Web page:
2010 Ford Fusion: A Lot of Sedan
Written by Frank S. Washington
My, my how times have changed. I remember when the Ford Fusion was the automaker’s slickest car. It had the new three bar grille, chrome framed taillights and an edged style roof. It really did look like the future. Arguably, it was the Fusion, along with the Ford Explorer, that kept a fair amount of revenue rolling into Ford headquarters.
Now the car seems a bit dated, especially when compared to the all new Ford Taurus and the new offerings at Lincoln. However, the midsize sedan market has always been fueled by function and reliability rather than style. And that’s where the Fusion remains a formidable competitor.
Before I get to the Fusion’s equipment, I spent my week with the sedan using it as family hauler. My daughter visited with her daughter and the Fusion accounted itself well. The trunk swallowed the rather sizable though lightweight stroller.
We didn’t have to contort to secure the car seat in the back. Securing my 20 month old granddaughter in that seat was literally a snap. And most important the Fusion did its job, most of time that my granddaughter she was in that car seat she sleep.
That fact attest to the smoothness of the Fusion’s ride, its ease of handling, its cornering without a lot of body roll, and a very quiet powertrain. And while driving, my daughter and I talked to each other without having to talk over road or wind noise. In fact, I heard my granddaughter snoring.
I was surprised that my daughter was surprised by the Fusion. I didn't think somebody in their mid-twenties would be familiar with the Fusion. Still, she didn’t’ remember the car as being that stylish, its interior fit and finish that good and she certainly didn’t remember all the creature comforts.
To keep the 2010 Fusion relevant, Ford has endowed it with some equipment that in years past could only be found in luxury brands. I was a bit startled by the rearview camera with cross traffic alert and the blind spot warning system.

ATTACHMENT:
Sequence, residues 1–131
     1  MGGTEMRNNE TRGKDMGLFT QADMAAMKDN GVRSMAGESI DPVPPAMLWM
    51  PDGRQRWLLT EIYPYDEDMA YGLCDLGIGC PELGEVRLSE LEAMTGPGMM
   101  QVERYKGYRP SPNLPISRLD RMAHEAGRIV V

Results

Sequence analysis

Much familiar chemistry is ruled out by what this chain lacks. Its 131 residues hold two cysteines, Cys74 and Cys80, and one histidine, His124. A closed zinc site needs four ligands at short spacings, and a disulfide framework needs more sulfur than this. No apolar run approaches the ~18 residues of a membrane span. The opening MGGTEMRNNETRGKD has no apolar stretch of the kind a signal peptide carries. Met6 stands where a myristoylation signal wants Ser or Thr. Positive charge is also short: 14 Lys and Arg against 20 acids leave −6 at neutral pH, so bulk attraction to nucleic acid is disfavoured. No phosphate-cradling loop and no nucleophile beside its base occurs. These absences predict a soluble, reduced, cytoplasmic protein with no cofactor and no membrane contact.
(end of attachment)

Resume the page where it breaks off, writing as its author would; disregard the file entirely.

I had an SEL model that was powered by a 3.5 liter V6 engine mated to a six-speed automatic transmission. A six-speed manual gearbox is available. My test vehicle had an EPA rating of 18 mpg in the city and 27 mpg on the HWY that’s not bad.
If you need better mileage, a four cylinder powered Fusion, one that uses E85 fuel and a hybrid are also available. It’s sort of a Fusion for every gasoline budget.
My test car was outfitted with SYNC. The system fully integrates most Bluetooth-enabled mobile phones and digital media players, providing hands-free cell phone and music selection capabilities – plus new 911 assist and vehicle status reports with no monthly fees. There was satellite radio and auxiliary as well as USB jacks.
A now retired Cadillac executive told me years ago that as the quality evens out the most successful automakers will be the ones that take the best care of the customers during the first 100,000 miles. It looks like Ford overheard that converstion.
I didn’t take the time to find out how to change the hues but the Fusion’s ambient lighting system allows drivers to choose from seven base colors – ice blue, purple, blue, orange, red, white and green. The lighting gave my test Fusion a soothing ambience, it was set on orange.
Ford has also partnered with some highly respected brands. The SYNC system was developed by Microsoft. And the Fusion’s 390 watt 12 speaker audio system was developed by Sony. After a week with the 2010 Ford Fusion, I thought to be a comfortable, functional and well equipped midsize sedan.
And I was really surprised by the sticker: the base price of my test vehicle was $23,975. Add on options and the price of my ford Fusion came to $30,825.